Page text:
2014 Swim: 34:29

2015 Swim: 31:19

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The Bike

The bike ride is an amazing route along the Gardiner Expressway and Don Valley Parkway, up to Eglington Avenue, and then back.  It’s a very gradual uphill outbound, and the equivalent downhill return.  I expected the uphill to be a bit of a slow climb for me, and it was.  But not as slow as I expected.  I did better than I usually do using my gears to help the climb.  That was rewarding.  The downhill though is the story of the bike ride.  That was fast and smooth, I was able to get into my heaviest gear, lean into the aerobars, and CRANK.  It felt so good to go so fast.  I was in love.  Of course, I didn’t go that fast for that long, and not nearly as long as I went slowly uphill, but it was a lot of fun.

The first/last quarter of the ride along the Gardiner Expressway and through the CNE grounds are relatively flat.  On the return I started to fatigue.  In hindsight, I should have taken some calories in during the bike beyond just my sports drink.  My lower back was tired.  My shoulder, still barking from the swim, was now straining in the aerobars.  My hamstrings were starting to bark.  I tried to adjust my pedal stroke to keep focusing on a full circle effort and using all the muscles in my legs, but the adjustment was too late.  As beautiful as the first 3/4 of the ride went, the last 1/4 was a grind.  I didn’t lose much power or speed, but I beat myself up in the process.  And I was about to pay the price…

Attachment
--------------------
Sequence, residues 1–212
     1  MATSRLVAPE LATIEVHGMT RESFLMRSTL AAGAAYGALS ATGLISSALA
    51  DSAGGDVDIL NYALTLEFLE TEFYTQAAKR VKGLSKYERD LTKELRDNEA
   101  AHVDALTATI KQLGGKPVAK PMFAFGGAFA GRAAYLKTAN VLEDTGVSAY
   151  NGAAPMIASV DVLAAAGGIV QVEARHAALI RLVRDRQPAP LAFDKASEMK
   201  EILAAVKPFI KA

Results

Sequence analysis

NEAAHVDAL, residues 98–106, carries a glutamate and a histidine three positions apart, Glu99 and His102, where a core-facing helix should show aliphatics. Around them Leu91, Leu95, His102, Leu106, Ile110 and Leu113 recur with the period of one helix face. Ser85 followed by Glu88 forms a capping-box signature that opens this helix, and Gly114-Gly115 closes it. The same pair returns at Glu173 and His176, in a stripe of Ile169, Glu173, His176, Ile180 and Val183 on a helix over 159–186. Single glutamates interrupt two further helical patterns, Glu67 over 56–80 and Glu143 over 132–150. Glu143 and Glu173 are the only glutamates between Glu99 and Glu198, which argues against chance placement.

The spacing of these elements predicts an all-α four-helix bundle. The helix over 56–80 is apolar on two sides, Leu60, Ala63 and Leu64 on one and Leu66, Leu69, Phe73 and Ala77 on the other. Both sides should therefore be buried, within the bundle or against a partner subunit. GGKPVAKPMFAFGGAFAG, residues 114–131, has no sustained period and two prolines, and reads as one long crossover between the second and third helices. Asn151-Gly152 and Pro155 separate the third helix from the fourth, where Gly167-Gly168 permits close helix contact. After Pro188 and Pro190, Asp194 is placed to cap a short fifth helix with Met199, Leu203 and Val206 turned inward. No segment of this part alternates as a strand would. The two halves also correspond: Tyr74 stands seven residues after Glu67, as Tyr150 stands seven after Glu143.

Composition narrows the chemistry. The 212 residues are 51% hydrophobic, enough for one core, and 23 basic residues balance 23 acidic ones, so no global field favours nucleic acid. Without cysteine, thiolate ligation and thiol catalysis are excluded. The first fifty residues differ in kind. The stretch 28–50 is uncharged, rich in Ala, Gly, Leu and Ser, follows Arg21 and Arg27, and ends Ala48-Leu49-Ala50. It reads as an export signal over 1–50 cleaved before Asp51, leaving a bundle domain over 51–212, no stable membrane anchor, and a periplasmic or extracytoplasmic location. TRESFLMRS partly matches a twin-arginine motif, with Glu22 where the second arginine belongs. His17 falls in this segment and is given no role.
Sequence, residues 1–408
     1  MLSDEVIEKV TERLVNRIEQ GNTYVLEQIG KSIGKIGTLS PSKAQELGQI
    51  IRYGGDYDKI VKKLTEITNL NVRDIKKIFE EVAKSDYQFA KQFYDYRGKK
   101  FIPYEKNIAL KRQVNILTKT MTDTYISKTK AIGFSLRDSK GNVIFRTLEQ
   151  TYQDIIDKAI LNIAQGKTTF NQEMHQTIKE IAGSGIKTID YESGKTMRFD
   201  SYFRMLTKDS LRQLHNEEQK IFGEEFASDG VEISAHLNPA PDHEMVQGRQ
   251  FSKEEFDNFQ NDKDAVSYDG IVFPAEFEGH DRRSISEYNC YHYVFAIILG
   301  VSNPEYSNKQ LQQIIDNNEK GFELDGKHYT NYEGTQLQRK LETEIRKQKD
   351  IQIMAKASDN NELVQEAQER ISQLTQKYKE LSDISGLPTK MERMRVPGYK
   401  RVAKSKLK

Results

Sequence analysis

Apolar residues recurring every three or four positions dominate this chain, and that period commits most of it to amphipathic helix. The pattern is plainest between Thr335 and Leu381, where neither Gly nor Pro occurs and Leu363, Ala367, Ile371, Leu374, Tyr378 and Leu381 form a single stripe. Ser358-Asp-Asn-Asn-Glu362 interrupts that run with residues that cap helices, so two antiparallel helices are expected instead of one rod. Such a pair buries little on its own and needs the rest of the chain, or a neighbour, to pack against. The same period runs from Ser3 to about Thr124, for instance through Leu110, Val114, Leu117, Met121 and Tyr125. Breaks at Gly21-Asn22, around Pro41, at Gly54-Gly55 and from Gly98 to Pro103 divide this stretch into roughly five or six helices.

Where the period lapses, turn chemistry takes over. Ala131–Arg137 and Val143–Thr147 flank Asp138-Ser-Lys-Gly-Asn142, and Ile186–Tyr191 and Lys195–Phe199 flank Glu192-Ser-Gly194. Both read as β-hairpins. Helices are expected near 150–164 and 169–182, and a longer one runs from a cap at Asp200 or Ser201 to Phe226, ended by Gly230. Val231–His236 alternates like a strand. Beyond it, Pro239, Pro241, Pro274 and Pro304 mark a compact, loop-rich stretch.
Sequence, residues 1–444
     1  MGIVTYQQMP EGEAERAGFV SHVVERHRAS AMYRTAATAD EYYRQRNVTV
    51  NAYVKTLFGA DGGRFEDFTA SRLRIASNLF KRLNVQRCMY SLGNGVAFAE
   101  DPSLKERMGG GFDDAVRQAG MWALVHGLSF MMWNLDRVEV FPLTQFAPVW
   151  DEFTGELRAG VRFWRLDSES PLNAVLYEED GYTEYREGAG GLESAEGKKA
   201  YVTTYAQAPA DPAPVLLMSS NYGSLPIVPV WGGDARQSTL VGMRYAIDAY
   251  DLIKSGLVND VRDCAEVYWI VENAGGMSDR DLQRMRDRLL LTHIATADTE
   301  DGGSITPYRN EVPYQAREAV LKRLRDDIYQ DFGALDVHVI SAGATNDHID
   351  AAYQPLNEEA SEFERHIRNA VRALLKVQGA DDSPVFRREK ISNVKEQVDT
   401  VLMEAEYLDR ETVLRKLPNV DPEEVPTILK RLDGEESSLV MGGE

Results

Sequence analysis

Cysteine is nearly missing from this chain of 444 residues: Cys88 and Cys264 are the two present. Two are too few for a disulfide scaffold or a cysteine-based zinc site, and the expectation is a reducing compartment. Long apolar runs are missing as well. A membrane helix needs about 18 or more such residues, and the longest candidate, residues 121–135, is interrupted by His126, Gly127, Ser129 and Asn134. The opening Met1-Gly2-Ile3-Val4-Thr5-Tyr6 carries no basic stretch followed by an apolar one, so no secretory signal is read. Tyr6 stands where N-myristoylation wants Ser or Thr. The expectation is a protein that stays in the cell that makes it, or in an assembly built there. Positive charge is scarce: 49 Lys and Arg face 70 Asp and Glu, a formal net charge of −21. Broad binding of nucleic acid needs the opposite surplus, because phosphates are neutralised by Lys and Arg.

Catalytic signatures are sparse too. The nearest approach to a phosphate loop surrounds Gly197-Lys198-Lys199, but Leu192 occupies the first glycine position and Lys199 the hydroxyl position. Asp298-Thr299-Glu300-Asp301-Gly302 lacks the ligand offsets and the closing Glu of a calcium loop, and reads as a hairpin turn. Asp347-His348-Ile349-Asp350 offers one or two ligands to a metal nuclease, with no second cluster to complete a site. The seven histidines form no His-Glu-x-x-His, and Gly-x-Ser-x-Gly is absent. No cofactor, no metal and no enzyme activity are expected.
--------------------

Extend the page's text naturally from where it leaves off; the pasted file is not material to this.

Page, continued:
2014 Bike: 1:23:18

2015 Bike: 1:23:47

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The Run

Remember that part on the bike where I should have taken in calories?  Remember those back and hamstring pains?  Yep – as soon as I started out on the run I remembered them too.  I had two gels in my jersey pockets for the run, one of which must have fallen out during the bike ride.  The other was consumed within the first kilometer.  In my run training I was used to running on sore quads – the pains in my back and hamstrings were a new distraction and I did a poor job of shutting them out.  My run was embarrassing if not a little funny.  I had so little left in the tank at this point.  The run course was perfectly flat, with a nice breeze coming off the waterfront.  It didn’t matter.  At best I was running a 2:1 run/walk ratio and pushing through a real mental grind.  In those first few kilometers I talked myself out of DNF’ing.  By about the midpoint my back and hamstrings stopped barking.  I was back to the usual running aches that I was used to, and I started to string some longer running stretches together.  But it was still slow and with a lot of walk breaks.  And over the course of the run, the sun got higher in the sky and it got noticeably warmer.  It was a tough run.  I beat myself up too much in the swim and the bike and didn’t leave enough in the tank.  Whoops.